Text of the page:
Lake Placid resident Jim McCulley testified at a Department of Transportation budget hearing in Albany Tuesday against continued state support of the Adirondack Scenic Railroad and in favor of ripping out the tracks and creating a recreational corridor.
McCulley identified himself as being with the Lake Placid Snowmobile Club and "Adirondack Rail Trail." He told the panel, which was chaired by state Budget Director Robert Megna, the state has spent $40 million on the Remsen-Lake Placid railroad corridor - more if interest on the state's borrowing is factored in - and that DOT plans to spend even more to benefit what McCulley characterized as a "small group of well connected rail fans."
McCulley, a frequent advocate for the proposed trail, said the scenic trains get fewer than 40,000 riders yearly, with the large majority between Remsen and Old Forge. He said the one between Saranac Lake and Lake Placid attracts about 8,000 riders yearly. He didn't mention the source of these numbers in his testimony.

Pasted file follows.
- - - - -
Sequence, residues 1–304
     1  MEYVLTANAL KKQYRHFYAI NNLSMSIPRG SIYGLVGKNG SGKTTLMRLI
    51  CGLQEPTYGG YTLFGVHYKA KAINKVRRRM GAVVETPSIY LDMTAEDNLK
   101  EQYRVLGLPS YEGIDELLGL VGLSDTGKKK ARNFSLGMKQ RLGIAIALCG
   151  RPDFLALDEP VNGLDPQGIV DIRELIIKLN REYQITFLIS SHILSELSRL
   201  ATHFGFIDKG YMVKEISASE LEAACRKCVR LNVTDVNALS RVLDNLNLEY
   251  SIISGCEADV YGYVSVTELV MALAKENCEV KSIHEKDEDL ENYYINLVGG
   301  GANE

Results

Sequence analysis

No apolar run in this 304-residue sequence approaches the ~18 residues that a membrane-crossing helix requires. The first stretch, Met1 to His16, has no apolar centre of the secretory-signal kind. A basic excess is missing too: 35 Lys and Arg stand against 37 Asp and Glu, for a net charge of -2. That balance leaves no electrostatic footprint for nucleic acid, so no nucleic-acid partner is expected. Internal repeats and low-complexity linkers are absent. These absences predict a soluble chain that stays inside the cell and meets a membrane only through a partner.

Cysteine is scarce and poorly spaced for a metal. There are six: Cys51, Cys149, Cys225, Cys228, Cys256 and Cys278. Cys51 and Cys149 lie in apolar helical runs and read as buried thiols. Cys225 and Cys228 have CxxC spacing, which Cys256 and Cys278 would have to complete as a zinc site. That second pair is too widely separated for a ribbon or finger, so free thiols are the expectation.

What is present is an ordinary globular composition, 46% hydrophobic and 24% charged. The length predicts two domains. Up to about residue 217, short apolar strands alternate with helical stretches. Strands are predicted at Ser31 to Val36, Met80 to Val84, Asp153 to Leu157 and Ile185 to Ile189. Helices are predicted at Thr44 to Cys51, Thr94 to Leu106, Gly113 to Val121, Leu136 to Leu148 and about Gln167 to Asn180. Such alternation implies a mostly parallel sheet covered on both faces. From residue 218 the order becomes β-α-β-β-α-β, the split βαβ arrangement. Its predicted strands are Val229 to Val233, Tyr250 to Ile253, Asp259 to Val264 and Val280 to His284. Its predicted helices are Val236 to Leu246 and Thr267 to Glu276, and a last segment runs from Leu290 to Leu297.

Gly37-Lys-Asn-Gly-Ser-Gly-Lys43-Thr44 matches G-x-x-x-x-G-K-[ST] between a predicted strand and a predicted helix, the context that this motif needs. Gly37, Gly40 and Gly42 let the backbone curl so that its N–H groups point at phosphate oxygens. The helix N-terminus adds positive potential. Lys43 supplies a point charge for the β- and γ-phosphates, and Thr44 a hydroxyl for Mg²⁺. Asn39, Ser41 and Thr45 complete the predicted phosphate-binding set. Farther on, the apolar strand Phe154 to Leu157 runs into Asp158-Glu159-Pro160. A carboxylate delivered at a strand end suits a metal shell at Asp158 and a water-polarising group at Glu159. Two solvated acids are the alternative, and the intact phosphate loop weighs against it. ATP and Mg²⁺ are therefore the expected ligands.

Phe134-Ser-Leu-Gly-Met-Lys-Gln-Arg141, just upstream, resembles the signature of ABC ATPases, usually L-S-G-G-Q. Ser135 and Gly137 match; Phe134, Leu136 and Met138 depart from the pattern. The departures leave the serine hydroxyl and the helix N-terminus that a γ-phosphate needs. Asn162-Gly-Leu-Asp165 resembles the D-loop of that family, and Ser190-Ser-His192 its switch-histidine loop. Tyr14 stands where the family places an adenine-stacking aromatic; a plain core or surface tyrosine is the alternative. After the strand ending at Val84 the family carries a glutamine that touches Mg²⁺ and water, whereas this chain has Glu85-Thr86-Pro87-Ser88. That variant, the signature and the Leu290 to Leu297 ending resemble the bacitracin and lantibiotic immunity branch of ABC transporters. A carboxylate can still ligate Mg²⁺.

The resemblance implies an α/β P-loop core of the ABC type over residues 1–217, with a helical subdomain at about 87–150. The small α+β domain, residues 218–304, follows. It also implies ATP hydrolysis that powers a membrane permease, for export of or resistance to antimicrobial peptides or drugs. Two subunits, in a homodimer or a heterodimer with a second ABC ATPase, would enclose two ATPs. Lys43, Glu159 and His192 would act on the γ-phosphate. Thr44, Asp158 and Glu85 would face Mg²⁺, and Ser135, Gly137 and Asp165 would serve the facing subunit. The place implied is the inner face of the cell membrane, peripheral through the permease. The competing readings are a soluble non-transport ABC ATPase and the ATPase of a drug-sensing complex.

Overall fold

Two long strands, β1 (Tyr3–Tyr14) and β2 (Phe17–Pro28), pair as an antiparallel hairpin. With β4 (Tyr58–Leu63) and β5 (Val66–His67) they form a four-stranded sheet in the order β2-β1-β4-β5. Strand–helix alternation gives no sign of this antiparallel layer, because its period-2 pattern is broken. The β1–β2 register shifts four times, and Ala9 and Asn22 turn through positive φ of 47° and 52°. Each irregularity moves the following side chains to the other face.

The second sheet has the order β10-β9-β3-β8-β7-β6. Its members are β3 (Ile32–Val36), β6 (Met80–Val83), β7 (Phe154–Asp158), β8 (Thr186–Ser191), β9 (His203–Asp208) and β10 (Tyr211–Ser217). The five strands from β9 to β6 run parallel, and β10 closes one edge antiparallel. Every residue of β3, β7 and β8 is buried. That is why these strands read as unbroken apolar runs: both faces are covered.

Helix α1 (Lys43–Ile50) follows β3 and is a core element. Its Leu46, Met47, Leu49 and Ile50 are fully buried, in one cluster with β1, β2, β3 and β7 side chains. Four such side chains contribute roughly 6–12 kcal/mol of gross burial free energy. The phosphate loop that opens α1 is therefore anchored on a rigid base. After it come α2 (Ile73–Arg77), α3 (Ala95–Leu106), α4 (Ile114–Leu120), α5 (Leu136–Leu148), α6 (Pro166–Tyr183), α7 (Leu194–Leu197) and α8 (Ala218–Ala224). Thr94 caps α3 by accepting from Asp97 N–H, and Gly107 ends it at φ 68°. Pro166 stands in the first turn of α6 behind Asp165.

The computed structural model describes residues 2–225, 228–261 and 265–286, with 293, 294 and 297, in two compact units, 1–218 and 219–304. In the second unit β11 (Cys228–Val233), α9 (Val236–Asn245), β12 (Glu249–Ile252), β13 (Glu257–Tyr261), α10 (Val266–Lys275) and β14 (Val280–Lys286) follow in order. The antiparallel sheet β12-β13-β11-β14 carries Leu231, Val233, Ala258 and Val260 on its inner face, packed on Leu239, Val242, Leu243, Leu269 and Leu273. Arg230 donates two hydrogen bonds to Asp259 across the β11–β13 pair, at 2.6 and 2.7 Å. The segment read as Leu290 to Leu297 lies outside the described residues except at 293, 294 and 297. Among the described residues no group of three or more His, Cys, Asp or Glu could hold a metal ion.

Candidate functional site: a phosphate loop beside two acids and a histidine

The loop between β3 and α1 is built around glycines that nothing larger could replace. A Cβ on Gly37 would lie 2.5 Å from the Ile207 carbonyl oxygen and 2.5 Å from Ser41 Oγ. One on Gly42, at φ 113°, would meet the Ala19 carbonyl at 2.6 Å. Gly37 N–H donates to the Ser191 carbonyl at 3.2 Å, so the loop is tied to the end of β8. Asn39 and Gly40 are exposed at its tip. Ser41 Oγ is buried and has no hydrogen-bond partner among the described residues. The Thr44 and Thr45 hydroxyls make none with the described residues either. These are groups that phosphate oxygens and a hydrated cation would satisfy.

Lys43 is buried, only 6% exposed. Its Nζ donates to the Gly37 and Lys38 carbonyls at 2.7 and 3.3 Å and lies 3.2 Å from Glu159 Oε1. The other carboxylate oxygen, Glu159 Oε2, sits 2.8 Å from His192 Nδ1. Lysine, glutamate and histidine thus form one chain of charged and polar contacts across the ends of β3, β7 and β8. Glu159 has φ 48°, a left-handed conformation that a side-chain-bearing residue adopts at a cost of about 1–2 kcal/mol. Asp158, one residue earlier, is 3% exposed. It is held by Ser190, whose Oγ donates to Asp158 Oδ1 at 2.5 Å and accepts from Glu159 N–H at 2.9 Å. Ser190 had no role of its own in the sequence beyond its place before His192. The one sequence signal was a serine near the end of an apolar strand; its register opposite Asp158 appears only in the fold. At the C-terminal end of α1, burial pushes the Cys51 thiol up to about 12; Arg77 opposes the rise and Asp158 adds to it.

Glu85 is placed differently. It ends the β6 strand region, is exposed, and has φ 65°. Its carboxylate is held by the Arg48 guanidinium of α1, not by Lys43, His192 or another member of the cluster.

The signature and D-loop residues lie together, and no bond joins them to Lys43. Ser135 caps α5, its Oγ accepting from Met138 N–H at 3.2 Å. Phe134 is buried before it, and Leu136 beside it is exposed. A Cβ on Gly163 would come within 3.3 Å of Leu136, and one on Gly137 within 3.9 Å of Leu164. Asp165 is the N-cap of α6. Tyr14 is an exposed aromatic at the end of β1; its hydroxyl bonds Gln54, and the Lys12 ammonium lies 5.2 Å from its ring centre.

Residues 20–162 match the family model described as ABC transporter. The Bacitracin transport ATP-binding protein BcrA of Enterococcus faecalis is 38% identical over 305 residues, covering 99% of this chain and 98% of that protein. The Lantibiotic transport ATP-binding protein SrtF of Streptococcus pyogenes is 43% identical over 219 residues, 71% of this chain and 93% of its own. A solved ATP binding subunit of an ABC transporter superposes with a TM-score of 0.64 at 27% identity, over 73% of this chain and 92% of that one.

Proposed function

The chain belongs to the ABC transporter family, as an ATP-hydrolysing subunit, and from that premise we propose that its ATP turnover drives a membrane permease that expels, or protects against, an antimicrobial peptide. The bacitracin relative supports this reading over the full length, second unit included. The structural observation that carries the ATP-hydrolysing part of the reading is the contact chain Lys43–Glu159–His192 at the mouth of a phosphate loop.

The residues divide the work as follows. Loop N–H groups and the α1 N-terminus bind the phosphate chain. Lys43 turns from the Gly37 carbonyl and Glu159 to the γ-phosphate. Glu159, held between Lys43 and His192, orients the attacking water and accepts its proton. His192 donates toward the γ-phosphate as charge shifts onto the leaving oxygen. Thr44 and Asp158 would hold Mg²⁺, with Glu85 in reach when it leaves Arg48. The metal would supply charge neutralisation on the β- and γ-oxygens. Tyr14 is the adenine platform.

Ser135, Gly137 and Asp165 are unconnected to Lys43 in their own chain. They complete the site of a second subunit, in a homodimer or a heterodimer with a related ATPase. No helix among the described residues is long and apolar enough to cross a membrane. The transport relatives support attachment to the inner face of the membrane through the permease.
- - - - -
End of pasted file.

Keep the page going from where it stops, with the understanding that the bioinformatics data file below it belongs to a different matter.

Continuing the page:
McCulley argued a recreational trail would attract snowmobilers and visitors "from around the world," citing the examples of other rail-trails in Ohio and Canada. He asked that DOT at least do a cost-benefit analysis before spending more money on the rails.
"The recreation of the rails was sold as economic development," McCulley said. "It has not created one job," other than those on the train itself, "and has cost the taxpayers millions."
McCulley mentioned that some local governments, including the town of North Elba and the St. Lawrence County Board of Legislators, have suggested the tracks be removed. He quoted North Elba town Supervisor Roby Politi, who called the train a "boondoggle." Other local officials and governments, such as in Tupper Lake, support the train and have lobbied for state funding for it.
McCulley was one of two members of the public to testify at the hearing. Most of it was taken up by testimony from acting DOT Commissioner Stanley Gee.